currentIndex = currentIndex+1;}

The focus line ensure the ListView has keyboard focus. OnLeftPressed and onRightPressed capture the keyboard button, and then by setting the currentIndex, because we have the highlight properties set in the previous code segment, the ListView will move the new selection to the centre of the screen. Before changing the index, we check to make sure it isn't already at the beginning or end of the list, so we add the if statement before we adjust the index.

Switching the iage using the DPad simulated

Making it a component

So now we have this, it would be nice if it were more reusable. So the thing to do here is to separate the paging ListView from the content it displays so you can re-use that ListView in many places. To do this we divide the visual paging logic from the paging content, by putting the ListView in a separate file, and making some properties public so the user has enough control over it for it to be useful. The VisualDataModel is removed, because it doesn't have to be a VisualDataModel, it could be some other sort of model like a ListModel. Once we have separated the code, we save the new component in the same folder as the qml file which will use it (or add a reference to it using an import statement), and add an instance of it to the main file.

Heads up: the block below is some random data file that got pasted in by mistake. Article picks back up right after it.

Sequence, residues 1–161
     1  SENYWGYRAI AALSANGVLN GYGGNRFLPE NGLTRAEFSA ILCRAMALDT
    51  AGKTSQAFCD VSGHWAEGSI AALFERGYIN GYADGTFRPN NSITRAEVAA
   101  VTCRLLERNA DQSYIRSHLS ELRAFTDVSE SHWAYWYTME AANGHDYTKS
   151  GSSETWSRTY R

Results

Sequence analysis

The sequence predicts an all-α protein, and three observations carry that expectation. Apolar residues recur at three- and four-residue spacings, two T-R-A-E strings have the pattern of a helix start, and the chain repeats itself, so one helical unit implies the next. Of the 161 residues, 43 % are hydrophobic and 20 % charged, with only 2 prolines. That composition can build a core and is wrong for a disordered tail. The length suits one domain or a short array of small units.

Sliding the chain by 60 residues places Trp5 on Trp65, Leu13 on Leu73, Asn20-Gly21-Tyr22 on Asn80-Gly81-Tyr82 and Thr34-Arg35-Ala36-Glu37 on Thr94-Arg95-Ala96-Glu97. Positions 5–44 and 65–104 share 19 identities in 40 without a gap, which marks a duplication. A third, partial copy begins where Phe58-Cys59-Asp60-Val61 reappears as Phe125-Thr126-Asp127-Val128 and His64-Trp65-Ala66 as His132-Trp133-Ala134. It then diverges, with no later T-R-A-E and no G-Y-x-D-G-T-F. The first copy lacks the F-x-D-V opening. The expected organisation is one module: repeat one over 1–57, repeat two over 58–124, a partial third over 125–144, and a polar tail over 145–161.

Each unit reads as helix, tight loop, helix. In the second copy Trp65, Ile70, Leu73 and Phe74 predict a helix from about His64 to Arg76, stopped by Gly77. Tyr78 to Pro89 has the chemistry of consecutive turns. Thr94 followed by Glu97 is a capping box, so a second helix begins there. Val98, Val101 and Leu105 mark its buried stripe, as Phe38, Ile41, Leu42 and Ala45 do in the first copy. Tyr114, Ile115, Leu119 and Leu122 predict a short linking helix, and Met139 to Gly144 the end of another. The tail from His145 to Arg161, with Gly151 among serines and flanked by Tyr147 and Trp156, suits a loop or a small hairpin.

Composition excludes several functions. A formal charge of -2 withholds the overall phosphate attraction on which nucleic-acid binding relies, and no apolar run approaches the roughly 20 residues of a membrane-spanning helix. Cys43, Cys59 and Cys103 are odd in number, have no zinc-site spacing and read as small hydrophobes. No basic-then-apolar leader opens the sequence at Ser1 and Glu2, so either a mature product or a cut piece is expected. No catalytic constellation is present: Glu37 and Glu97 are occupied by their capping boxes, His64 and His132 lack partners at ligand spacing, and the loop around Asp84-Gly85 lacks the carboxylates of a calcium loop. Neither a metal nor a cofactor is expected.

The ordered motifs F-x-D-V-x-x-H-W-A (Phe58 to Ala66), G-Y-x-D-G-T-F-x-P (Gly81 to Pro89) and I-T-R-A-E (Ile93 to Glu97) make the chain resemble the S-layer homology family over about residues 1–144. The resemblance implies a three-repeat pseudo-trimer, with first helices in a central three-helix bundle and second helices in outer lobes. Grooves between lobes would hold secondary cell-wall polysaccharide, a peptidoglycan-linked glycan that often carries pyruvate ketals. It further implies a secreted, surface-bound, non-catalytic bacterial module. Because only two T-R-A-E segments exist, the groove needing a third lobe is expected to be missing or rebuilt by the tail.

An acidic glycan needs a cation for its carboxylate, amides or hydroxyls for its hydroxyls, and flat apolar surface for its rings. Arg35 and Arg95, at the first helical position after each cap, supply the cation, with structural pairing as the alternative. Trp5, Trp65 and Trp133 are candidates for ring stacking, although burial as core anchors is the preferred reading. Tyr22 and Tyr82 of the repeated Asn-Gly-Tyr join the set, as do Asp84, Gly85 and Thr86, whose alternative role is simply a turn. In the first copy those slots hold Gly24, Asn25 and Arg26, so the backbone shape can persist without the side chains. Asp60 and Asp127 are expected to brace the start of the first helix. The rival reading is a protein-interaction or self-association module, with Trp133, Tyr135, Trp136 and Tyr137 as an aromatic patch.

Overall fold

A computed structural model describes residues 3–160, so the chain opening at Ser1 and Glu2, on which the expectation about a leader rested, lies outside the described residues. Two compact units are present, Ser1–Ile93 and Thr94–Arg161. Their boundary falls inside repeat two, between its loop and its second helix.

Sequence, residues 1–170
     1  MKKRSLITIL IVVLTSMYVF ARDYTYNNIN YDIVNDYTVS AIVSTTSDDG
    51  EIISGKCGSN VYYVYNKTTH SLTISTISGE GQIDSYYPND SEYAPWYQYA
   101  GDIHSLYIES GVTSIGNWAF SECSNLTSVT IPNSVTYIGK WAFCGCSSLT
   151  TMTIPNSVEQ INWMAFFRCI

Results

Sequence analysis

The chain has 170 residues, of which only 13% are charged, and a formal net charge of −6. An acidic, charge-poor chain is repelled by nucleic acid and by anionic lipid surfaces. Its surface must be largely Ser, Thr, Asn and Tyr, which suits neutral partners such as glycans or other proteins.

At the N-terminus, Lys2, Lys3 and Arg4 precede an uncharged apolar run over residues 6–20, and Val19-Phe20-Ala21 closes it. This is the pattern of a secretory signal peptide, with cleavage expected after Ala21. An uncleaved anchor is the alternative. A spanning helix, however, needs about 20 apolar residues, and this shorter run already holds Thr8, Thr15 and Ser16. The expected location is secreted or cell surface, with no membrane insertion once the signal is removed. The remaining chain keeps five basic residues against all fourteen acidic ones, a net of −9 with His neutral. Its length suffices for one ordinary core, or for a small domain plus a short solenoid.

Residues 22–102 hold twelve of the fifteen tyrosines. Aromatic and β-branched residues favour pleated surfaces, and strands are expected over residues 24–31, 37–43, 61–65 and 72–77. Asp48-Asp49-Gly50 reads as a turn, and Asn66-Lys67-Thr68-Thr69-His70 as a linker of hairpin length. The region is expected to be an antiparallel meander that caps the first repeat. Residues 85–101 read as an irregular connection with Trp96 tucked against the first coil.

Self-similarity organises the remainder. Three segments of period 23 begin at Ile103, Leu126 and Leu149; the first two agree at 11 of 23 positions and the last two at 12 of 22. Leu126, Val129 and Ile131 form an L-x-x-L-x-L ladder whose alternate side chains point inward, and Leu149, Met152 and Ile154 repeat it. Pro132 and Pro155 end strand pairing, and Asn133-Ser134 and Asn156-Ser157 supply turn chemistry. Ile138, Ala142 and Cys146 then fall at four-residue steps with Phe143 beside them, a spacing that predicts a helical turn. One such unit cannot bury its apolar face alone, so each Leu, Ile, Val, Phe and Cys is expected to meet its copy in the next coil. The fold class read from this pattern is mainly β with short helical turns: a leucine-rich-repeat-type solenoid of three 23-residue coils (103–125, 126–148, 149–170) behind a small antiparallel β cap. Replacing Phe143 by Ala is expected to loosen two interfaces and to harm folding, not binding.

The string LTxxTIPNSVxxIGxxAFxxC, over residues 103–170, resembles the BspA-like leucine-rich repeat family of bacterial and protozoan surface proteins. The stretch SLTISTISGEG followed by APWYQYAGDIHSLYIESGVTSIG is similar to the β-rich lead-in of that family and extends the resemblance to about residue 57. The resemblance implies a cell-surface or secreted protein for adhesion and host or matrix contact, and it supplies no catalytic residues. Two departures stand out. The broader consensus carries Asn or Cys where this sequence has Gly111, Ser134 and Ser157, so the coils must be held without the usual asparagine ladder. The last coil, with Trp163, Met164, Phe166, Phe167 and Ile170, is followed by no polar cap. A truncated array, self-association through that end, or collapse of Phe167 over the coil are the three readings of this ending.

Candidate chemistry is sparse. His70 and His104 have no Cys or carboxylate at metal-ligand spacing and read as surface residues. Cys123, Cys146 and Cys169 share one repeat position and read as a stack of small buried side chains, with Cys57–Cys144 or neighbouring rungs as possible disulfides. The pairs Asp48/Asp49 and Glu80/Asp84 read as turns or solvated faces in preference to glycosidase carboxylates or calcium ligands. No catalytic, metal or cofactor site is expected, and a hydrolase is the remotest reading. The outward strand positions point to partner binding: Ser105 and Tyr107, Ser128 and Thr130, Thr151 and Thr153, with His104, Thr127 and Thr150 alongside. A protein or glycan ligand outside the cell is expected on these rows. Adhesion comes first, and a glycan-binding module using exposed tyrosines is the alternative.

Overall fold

So first off, the Paging component - Pager.qml

import QtQuick 1.0
 
Rectangle {
id:pager
anchors.fill: parent
 
property bool enableKeys: true
property QtObject model
property bool isHorizontal: false